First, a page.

Tuesday, August 4, 2009

My Father's Daughter

I am a bit emotional about the Maggies and the whole editor/agent appointments and how cool everything is for me.

Why?

Well it's an incredible high, no doubt. But for me it is a revisit of past haunts and memories. The emotional highs are punctuated with memories that bring tears.

Tears. Or tears that rip my soul? Apart? Not. But the truth is I don't have the perfect life background. In fact, I tried to write a nice mommy in my second and third books and I got a "flat heroine."

Hey, it was fiction. I had a fantasy. But can I write a girl from a nice background with uber supportive parents? No. May I? No!!! I may not.

The good news is once I heard from my critique partner "what a mean mother" and all along I thought "she was rather nice." I knew. I knew I could not write that fantasy.

Write what you know? Yes. And I do write stories with a whole lot of sass with a pinch of sad.

But I am not capable of writing a girl from a "normal" home. Didn't have that....

So why the father's daughter? Because my dad was an intellectual. He introduced me to John Steinbeck, Tolkien, C.S. Lewis, and more. He introduced me to great Canadian and British writers like Graham Greene and Robertson Davies. He taught me to read history and appreciate the stories. He was interested in those things and I, in my quest for his approval and the love of a parent, read and absorbed the books he recommended.

But there was another entity: my mother. Her jealousy, her mental weirdness, her inability to celebrate me and nurture me led me down a path that didn't reflect my father's influence. I spent much of my early life scrapping for recognition and scrambling for sustenance.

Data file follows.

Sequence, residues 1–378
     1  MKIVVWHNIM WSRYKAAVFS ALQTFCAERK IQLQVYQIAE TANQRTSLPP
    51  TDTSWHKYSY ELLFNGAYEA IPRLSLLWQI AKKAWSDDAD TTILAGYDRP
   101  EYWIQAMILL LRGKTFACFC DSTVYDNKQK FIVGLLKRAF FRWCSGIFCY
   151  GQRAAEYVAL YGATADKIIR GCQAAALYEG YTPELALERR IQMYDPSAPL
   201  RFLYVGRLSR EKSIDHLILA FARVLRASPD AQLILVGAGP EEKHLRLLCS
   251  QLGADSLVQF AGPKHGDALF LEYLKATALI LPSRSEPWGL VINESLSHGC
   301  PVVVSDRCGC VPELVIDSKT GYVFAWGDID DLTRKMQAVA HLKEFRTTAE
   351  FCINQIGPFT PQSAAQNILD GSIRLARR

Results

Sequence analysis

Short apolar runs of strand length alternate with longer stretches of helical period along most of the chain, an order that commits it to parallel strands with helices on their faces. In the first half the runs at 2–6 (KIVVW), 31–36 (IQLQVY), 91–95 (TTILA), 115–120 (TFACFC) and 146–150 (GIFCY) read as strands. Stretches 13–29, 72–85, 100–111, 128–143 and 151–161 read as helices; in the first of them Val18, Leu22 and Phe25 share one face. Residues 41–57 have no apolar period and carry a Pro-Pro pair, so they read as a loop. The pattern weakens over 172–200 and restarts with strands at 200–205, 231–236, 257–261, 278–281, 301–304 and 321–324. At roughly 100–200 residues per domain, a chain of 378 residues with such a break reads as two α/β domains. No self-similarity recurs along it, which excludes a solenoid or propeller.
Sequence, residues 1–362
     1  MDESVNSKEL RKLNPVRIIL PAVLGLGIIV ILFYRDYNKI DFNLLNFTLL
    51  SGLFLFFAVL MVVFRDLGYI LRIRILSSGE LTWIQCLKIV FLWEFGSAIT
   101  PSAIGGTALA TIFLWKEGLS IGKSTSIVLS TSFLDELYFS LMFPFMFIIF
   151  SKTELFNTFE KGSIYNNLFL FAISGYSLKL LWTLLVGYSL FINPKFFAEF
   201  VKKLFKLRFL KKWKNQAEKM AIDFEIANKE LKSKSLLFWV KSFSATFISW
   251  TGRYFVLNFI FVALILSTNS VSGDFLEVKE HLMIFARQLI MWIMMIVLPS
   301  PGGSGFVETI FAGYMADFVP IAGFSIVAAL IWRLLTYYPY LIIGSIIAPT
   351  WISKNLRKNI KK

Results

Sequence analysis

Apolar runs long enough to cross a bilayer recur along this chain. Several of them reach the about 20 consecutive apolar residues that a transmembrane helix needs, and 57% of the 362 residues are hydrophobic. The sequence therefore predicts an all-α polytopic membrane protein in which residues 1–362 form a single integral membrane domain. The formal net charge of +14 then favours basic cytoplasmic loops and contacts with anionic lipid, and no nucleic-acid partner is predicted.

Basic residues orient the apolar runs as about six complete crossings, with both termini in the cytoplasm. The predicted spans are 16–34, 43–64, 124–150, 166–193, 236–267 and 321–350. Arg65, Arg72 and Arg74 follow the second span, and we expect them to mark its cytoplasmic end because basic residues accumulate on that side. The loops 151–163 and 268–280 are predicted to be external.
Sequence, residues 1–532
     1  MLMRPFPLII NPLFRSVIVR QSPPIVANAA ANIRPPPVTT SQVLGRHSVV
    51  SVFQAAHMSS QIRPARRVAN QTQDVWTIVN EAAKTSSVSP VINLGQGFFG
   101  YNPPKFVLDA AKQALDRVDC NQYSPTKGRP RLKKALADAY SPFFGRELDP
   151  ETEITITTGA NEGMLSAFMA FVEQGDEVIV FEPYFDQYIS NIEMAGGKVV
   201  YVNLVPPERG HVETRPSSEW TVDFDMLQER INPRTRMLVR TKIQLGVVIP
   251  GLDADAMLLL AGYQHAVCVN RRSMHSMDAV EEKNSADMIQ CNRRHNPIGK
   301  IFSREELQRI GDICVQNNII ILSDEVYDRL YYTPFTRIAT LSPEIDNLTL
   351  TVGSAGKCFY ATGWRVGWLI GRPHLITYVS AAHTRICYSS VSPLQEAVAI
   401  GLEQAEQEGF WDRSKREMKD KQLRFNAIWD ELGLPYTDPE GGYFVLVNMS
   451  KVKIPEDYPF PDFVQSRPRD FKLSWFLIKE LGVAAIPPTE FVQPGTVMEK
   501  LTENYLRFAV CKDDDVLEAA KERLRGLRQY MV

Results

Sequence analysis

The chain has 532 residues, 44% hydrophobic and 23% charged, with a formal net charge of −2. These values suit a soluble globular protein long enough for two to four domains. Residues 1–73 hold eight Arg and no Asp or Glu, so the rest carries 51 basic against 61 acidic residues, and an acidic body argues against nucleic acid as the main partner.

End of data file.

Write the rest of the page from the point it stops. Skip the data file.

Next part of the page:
I was on my own at 16. Long story and the details don't matter. But it was easier than living with her and absorbing her negative poison. But in order to feed myself, I also quit high school so I could work full time. It wasn't long before I escaped the horrid northern Canadian mining town I'd lived in for nine nasty years.

I got my GED on my own (well I did have a PhD student in Physics help me with the math part) . I got my college education thanks to my husband paying the bill. I graduated Summa cum Laude at the top of my class, but I'd already parked my dreams of becoming a writer or a foreign journalist eons years earlier.

Fast forward.

I got lucky and God intervened (for me this is a truism). I worked, I gave birth to a beautiful daughter, I became a SAHM, and I built my life. It was a good, happy time.

But I still wanted to know my dad and have him back in my life. So as an adult, I accepted my mother and her poison and welcomed them into my life. I wanted my history, my good parts of my past restored to me and I yearned for my Darling Daughter to know him, to have my husband know him and to extend the conversation my father and I started when I was a child.

Then daddy got sick. And a month before he died in 2002 he said to me, regret in his eyes, "I'm sorry but it is too late for you to be a writer."

And he meant it kindly. He said it cause he needed absolution and needed closure before he passed away. I gave it to him. I loved him--and at the time I agreed. Heck, life was good and I was glad to be where I was. My life was (and is) GREAT! And I told him I was okay. And I meant it.

But now, here I am 5 years later with 4 books under my belt, two requests, a Maggie finalist, and I have hope to one day be published. But this is the greater victory, I AM A WRITER. It is not too late.

And that is when my tears flow, because even though in my heart I believe he knows I am a writer, I really wish I could I share these amazing moments with him.

I did it! Me! A high school dropout on her own at 16 years of age grew up to become what I always wanted to be. A writer. Nothing can take that accomplishment from me.

2 comments:

Kasaka said...

Hugs! I'm sitting here with tears in my eyes. We are all so proud of you, but your dad would be the proudest.

Christine said...

Thanks! You know so much of the story... and I do hope you follow your heart and start your quest as well... I am so glad you are pursuing your dreams!